And Now This…Pokemon Go In The Workplace
July 29, 2016
So, we have a new social game craze to contend with as it encroaches on the workplace. What’s an employer to do? Where should the lines be drawn to ensure performance is held to a high standard while allowing employees to have a bit of fun? In practical ways, employees who are fascinated in chasing down these characters while on a production floor pose a real risk to themselves and others. The distraction element of the game is well documented. It’s an immersive obsession that people sometimes just can’t put down when they start their workday.
Some practical considerations to take into account –
- This is not a recommended “scavenger hunt” type of team-building exercise. It takes your employees outside of a controlled environment and causes potential unknown risk conditions. Plus, it could set the tone for an endorsement of use that may create more disruption than intended goodwill.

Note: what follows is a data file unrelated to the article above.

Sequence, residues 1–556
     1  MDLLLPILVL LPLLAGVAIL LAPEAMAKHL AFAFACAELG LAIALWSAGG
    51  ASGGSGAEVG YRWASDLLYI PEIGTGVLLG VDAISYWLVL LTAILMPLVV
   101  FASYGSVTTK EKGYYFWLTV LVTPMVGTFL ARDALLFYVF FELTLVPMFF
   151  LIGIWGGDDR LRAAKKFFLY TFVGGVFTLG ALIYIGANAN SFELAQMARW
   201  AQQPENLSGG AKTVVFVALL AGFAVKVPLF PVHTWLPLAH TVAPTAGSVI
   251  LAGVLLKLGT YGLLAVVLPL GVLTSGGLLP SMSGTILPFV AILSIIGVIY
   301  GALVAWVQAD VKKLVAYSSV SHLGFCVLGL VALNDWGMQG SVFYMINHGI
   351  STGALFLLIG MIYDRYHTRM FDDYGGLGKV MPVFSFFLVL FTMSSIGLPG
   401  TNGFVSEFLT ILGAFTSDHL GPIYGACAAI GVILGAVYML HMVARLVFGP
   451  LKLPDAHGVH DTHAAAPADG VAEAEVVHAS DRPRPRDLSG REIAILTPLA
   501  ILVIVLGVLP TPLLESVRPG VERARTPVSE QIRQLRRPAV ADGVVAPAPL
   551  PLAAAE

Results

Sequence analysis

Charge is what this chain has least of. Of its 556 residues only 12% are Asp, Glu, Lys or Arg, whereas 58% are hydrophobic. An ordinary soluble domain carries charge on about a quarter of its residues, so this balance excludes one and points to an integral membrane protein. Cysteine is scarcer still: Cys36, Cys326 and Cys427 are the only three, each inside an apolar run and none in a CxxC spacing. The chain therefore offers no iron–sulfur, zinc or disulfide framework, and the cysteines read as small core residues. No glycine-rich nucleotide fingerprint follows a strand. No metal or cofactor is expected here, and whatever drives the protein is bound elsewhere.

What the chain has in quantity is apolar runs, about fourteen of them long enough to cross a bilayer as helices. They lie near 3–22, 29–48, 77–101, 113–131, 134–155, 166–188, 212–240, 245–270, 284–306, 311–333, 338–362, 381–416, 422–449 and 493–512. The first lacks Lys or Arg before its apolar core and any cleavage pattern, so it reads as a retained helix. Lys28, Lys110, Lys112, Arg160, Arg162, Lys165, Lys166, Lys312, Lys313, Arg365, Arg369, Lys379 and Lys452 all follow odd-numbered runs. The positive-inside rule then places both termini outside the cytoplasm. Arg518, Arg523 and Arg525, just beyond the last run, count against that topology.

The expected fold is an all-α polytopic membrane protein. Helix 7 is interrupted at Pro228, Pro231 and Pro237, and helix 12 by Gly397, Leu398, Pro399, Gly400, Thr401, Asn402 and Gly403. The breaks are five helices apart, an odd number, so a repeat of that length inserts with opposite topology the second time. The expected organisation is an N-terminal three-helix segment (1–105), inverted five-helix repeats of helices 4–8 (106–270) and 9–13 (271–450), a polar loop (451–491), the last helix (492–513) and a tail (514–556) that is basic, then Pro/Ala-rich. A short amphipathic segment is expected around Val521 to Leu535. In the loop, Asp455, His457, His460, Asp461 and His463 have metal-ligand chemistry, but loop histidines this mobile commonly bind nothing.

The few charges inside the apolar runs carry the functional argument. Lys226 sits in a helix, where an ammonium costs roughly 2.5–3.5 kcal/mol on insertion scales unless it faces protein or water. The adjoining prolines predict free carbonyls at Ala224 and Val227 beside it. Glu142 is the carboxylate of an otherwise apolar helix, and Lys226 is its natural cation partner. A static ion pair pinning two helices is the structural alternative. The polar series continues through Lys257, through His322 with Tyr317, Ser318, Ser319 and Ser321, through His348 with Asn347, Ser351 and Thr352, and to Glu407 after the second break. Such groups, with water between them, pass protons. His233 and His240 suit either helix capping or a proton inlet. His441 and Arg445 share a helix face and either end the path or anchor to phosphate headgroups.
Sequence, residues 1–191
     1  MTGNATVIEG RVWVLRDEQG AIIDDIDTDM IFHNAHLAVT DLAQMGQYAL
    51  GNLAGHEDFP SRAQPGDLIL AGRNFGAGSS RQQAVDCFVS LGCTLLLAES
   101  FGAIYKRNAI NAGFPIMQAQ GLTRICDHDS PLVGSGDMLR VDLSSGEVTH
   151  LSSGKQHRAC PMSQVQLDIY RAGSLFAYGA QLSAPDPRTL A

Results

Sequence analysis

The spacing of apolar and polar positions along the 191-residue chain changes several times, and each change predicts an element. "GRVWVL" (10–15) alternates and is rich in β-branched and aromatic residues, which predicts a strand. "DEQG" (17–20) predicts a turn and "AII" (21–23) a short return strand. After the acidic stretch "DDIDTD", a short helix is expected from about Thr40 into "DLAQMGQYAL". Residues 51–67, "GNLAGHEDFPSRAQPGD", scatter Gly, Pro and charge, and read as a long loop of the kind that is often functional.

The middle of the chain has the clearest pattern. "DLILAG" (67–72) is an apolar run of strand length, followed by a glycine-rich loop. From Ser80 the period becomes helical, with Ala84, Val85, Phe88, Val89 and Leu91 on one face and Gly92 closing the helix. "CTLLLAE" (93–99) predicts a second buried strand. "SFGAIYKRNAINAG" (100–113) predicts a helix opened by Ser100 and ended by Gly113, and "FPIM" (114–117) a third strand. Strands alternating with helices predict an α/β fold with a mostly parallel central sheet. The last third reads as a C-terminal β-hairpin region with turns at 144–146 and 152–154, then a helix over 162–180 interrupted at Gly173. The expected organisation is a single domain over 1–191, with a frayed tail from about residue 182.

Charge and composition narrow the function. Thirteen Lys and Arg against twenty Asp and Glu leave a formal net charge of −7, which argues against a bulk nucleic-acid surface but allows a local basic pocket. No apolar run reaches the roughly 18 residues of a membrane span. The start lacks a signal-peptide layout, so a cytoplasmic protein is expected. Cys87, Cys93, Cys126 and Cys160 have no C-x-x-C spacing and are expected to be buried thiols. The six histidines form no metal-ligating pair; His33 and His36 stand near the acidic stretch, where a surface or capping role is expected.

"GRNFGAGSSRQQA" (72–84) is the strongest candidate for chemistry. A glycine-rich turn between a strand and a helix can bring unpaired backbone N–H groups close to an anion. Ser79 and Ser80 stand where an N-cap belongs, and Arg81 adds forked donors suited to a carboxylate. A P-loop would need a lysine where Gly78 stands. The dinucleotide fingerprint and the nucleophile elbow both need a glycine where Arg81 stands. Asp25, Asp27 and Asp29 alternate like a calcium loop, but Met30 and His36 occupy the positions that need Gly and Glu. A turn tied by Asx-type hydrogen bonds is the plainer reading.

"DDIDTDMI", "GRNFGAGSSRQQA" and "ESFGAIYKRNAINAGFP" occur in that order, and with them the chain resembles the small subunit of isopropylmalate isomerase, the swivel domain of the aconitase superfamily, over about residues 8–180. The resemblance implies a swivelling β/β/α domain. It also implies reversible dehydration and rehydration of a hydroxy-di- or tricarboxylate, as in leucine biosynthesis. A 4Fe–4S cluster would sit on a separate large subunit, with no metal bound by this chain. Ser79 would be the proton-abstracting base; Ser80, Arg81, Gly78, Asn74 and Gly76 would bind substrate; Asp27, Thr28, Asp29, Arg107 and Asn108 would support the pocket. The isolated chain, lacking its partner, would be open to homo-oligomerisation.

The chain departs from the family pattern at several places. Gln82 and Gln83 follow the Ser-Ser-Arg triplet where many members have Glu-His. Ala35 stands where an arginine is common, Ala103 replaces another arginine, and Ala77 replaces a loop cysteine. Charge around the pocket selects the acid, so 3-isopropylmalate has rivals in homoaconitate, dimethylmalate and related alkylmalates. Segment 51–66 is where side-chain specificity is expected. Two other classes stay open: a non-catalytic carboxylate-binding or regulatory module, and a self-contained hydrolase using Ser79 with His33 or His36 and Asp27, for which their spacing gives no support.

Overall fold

- Employees who bring their Pokemon Go obsession into their workday should be viewed in the same manner as any other distraction may impact performance. That’s the suggested course of action for managers. Hold employees accountable for their results on the job, their participation in their team’s efforts to getting work done and to be readily accessible for their colleagues. If those conditions are not met, then it’s a manager’s duty to focus on the performance issue directly versus dictating an employee’s personal interests.
- Confirm that your policies do not allow the playing of computer or phone games while at work. In fact, if phones are company-issued, your IT group may be able to limit downloading of applications.
- If you’ve not already put in place a policy on texting while driving, consider adopting or expanding policy language to take into account any form of distractions that could put an employee and his/her passengers at risk.
This interest-of-the-moment will fade. In the meantime, Austin HR strongly encourages company leaders to take the most direct route, focusing on performance, remaining consistent and holding people accountable to minimize outside, personal interests as a distraction in the workplace.